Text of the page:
Gov. Absent and the Curious Case of Stagnant Republican Voter Growth

This week Texas Governor Greg Abbott will announce his plans to run for re-election in Texas. He will have little to show for it.

Over the past three years, Greg Abbott has been largely absent from policy debates that affect large majorities of Texans. He has done little to nothing about the state's school finance problem, increasing access to affordable healthcare, Child Protection Services hasn't protected many children, and the state now has the highest maternal mortality rate in the developed world. His most notable work may be promoting the Jade Helm 15 conspiracy.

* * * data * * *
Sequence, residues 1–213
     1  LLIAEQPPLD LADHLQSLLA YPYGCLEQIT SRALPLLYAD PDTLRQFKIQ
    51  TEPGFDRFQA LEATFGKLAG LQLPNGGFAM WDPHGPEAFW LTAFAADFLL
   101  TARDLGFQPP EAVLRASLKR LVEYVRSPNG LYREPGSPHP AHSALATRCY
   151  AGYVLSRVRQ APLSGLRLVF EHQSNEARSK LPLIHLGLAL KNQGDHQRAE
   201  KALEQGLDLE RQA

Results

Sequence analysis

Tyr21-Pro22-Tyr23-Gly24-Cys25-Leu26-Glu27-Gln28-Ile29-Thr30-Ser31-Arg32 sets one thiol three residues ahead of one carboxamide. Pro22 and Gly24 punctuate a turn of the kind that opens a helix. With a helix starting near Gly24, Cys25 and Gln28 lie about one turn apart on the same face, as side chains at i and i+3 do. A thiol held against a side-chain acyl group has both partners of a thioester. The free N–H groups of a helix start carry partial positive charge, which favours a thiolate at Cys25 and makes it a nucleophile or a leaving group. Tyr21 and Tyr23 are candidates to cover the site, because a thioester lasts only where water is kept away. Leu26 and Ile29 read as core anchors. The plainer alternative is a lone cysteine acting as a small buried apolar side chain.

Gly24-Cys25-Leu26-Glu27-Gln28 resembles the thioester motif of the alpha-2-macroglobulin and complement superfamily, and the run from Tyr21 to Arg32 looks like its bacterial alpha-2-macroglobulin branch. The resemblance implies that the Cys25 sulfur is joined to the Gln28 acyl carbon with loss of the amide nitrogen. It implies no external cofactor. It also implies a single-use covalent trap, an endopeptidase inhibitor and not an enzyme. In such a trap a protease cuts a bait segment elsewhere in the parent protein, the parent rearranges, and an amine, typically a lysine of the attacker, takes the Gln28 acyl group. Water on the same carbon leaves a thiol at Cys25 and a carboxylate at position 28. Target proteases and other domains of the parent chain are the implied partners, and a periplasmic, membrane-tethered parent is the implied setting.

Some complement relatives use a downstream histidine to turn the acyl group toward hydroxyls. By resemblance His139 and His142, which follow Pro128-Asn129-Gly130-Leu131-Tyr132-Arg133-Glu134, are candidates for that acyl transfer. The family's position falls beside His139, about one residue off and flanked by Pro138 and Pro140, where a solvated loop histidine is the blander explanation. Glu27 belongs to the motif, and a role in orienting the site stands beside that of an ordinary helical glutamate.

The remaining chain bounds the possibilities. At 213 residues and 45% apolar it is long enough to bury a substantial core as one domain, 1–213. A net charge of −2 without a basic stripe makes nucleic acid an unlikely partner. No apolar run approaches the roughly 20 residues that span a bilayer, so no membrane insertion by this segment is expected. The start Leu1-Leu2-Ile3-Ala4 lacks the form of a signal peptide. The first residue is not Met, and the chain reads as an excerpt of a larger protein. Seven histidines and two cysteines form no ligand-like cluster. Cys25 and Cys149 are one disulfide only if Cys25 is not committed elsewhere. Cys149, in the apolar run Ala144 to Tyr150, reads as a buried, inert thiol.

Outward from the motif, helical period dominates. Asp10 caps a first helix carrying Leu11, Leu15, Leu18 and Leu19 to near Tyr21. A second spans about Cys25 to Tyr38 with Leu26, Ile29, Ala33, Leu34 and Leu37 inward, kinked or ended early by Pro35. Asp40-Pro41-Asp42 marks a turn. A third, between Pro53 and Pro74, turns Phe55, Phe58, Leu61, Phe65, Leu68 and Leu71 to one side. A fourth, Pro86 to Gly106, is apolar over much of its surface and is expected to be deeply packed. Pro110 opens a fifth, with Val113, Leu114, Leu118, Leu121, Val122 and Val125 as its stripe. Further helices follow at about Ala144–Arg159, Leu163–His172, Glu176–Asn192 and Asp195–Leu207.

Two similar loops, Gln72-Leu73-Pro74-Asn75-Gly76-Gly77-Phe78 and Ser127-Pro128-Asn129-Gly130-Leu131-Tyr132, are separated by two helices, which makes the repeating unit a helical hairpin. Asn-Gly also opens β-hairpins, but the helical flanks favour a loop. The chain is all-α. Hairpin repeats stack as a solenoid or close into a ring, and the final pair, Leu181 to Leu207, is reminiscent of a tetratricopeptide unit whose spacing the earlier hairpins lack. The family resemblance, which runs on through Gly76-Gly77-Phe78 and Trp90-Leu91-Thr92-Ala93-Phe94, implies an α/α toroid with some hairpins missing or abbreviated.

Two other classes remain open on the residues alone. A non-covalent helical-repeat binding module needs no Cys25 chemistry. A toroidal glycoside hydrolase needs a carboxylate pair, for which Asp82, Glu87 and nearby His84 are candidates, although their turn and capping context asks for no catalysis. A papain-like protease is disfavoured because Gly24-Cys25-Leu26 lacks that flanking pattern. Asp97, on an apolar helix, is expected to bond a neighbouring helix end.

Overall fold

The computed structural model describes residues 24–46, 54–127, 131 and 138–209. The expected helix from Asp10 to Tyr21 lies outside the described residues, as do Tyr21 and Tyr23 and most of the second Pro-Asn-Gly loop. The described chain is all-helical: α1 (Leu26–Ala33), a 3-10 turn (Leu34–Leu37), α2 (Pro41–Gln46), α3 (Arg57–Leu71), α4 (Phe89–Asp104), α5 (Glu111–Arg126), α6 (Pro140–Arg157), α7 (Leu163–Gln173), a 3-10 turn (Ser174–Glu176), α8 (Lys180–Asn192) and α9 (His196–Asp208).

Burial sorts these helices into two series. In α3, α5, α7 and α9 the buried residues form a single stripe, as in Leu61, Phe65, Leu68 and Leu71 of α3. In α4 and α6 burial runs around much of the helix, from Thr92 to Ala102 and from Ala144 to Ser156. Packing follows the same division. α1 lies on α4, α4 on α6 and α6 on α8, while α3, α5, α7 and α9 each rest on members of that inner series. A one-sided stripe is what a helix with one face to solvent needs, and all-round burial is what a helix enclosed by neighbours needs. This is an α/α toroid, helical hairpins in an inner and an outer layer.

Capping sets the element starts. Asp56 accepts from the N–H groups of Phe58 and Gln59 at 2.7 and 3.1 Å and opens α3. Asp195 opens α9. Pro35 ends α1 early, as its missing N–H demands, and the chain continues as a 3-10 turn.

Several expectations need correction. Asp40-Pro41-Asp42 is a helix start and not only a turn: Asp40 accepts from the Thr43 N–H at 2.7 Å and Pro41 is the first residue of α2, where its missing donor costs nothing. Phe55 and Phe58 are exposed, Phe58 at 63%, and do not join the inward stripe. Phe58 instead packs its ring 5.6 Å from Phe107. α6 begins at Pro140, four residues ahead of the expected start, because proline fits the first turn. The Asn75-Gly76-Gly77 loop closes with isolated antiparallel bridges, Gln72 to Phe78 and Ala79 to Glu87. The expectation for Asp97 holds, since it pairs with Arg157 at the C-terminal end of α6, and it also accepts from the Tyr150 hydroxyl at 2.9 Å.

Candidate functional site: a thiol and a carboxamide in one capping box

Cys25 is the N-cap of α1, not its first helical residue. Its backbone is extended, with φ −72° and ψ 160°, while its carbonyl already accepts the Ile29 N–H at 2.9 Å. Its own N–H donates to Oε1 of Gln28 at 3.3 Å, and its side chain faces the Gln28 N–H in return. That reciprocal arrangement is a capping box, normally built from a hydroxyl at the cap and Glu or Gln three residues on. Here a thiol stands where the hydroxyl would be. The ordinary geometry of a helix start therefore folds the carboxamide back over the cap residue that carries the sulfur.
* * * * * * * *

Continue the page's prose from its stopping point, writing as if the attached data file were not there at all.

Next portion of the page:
Gov. Abbott is less interested in real solutions for Texas families and more interested in growing the Republican base.

But...has he even done that?

Over the past decade, Texas was the fastest growing state in the nation. As such the state earned four new congressional seats in 2012, more than any other state. Greg Abbott has been in statewide office since 2003, first as attorney general and now as governor.

During that period, Republicans saw their electorate grow by just 158,130 votes while Democrats saw an increase of 1,045,164 votes (data is via historical election returns on the Texas Secretary of State page).

These numbers show remarkable trends: a good one for Democrats and a bad one for Republicans.

There was a time when Republicans had a large base of support in Texas, but that advantage is eroding. That's in part due to growing support for progressive ideals in Texas, but also in part due to a complete lack of leadership from the top of the Republican Party.